I was a little irked when it became apparent that it’s really a paranormal mystery, not because I dislike paranormal mystery but because I was expecting something more grounded in reality. However, once I had reconciled myself to that fact, it was a very enjoyable read. I can’t really fault the book for not being what I expected, especially when it does such a good job of being what it is.

Solid four stars.

I received a copy of this book from NetGalley in exchange for an honest review.


Review – The Last Moriarty – Charles Veley

The Last Moriarty
Charles Veley
ISBN-10: 1477829725
287 pages

A lovely young American actress from the D’Oyly Carte Opera Troupe comes to 221B Baker Street on a cold November morning, desperately seeking assistance from Sherlock Holmes. Inexplicably, Holmes agrees to help, even though the Prime Minister of England and his cabinet need Holmes to solve a murder case that could threaten a high-stakes meeting with John D. Rockefeller and J.P. Morgan. The clock is ticking. Holmes will need all his physical and deductive powers to preserve innocent lives and prevent political and economic chaos on both sides of the Atlantic. Yet even Holmes cannot foresee how much the ultimate outcome will depend on a mother’s sacrifice, a daughter’s hopes, and on the true identity of the last Moriarty.

The Premise:
A meeting between captains of industry is threatened. Men connected with the upcoming meeting keep turning up dead, and all signs indicate that a criminal organization on par with the defunct Moriarty gang is responsible. Possibly even the successor of the Moriarty gang, as Colonel Sebastian Moran has escaped from prison, and he had help.
Into the mix is thrown a young actress, Lucy James, whose ties to this shadowy organization grow ever more perplexing and sinister as she enlists Holmes’s help to hunt for her true parents. At the same time, both Miss James’s plight and the murderous plot begin to shed light on Sherlock Holmes’s past.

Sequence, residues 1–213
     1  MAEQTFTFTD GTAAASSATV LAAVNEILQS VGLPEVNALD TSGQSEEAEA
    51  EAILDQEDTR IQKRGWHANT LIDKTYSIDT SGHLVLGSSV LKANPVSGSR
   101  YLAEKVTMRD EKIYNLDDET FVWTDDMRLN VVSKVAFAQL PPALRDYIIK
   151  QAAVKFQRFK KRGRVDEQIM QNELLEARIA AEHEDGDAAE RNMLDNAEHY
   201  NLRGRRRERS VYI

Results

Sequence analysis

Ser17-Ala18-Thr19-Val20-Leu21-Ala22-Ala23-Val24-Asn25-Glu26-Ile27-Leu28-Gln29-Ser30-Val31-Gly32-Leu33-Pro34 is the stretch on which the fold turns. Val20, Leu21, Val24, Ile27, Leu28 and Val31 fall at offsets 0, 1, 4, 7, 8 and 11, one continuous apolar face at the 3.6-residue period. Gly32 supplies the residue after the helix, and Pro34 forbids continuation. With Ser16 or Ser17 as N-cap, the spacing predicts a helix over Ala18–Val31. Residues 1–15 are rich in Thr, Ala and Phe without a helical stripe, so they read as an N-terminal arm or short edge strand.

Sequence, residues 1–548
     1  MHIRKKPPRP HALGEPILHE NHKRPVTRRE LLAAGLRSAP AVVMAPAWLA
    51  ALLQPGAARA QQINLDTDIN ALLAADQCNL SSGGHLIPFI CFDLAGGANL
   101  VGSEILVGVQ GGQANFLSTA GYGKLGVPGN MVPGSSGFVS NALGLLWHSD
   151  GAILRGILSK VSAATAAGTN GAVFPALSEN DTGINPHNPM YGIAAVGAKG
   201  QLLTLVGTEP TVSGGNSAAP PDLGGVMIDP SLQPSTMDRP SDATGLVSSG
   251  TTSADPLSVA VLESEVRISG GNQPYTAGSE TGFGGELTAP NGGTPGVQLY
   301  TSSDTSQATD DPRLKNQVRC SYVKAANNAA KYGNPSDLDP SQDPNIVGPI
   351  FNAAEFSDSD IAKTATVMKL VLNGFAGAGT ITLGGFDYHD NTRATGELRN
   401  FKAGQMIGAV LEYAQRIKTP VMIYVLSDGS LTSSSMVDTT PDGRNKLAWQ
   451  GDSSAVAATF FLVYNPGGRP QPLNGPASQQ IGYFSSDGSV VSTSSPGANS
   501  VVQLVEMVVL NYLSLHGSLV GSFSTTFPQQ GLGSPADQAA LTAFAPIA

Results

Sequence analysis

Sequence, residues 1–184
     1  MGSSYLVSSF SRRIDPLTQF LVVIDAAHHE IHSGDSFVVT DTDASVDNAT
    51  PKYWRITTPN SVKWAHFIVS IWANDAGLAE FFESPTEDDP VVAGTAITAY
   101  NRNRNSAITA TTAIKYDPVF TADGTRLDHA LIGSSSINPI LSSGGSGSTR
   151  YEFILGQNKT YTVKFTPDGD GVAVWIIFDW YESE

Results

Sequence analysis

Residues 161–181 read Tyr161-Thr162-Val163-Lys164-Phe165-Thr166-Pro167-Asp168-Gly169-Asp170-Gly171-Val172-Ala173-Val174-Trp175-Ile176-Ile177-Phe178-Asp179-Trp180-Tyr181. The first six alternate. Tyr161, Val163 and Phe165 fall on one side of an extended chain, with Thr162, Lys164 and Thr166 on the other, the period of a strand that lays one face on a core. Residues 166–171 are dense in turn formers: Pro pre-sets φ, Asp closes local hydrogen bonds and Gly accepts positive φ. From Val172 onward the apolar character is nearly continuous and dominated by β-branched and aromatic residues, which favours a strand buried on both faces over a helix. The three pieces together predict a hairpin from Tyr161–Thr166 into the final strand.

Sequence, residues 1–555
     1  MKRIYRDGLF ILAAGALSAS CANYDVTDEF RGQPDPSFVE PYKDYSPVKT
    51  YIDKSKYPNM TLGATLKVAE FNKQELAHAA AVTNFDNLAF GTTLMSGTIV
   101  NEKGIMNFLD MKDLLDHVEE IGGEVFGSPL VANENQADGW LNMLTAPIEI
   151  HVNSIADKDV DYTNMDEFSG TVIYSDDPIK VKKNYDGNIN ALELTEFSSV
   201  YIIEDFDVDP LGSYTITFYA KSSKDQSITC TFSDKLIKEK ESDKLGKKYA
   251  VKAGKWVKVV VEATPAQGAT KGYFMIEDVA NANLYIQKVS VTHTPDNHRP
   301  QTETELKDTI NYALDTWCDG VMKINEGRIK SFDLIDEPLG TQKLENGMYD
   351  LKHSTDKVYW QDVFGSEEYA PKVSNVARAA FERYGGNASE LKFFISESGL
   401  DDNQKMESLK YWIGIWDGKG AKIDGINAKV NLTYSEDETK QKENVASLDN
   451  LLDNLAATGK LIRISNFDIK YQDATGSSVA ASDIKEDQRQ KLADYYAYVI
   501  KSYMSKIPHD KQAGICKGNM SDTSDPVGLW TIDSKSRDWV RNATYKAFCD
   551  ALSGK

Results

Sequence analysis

The Good:
The writing is lovely, and amazingly faithful to the source. It’s very rare to find pastiche that really has the sound and the feel of Conan Doyle’s writing. Watson’s voice is authentic, and at no point was I drawn out of the story by awkwardly modern – or awkwardly Victorian – language.
It is also very well researched, with that strong sense of place that is so essential to mystery and to Holmesian mystery particularly. Well researched without being a treatise on Victoriana. Some works have a tendency to lift passages straight from textbooks, but all of Veley’s references feel natural.
I have to mention the cover, as well. I love the cover. Love it.

The Bad:
Much of the story was, sadly, predictable, and the foreshadowing heavy-handed. Certain twists were not so much hinted as laid out. Nothing ever really surprised me, and the mystery was thin.
I would also have liked more sleuthing, more of the hunting and connecting that ought to characterize Holmes stories. I’d characterize this one more as suspense than mystery, which I suppose is all right, but wasn’t what I was expecting.

Worth Noting:
Veley’s Holmes is an emotional sort. I am not one of those who thinks Holmes should always be an emotionless machine – he shows himself in Canon to feel strongly, though he generally keeps his feelings under tight control. In the context of Veley’s storyline, I feel that the little displays of affection, distress, and concern were entirely appropriate, but I do know that many aficionados would take issue.

In Conclusion:
I enjoyed this one. I finished it in two sittings, which has been an increasingly rare occurrence for me. It did not blow me away, but the end hints at a coming sequel, and I will certainly look for it when it arrives.

I received a copy of this book from NetGalley in exchange for an honest review.